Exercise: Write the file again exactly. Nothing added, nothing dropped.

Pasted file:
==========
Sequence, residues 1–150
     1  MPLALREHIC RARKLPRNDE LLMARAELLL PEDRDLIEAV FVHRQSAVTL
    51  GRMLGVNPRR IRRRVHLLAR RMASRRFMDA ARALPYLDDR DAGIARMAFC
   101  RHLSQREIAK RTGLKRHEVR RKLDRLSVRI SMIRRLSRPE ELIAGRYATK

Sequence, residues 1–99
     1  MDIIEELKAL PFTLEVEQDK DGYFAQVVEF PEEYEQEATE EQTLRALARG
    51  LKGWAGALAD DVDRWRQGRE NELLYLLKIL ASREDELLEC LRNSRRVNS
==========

Sequence, residues 1–150
     1  MPLALREHIC RARKLPRNDE LLMARAELLL PEDRDLIEAV FVHRQSAVTL
    51  GRMLGVNPRR IRRRVHLLAR RMASRRFMDA ARALPYLDDR DAGIARMAFC
   101  RHLSQREIAK RTGLKRHEVR RKLDRLSVRI SMIRRLSRPE ELIAGRYATK

Sequence, residues 1–99
     1  MDIIEELKAL PFTLEVEQDK DGYFAQVVEF PEEYEQEATE EQTLRALARG
    51  LKGWAGALAD DVDRWRQGRE NELLYLLKIL ASREDELLEC LRNSRRVNS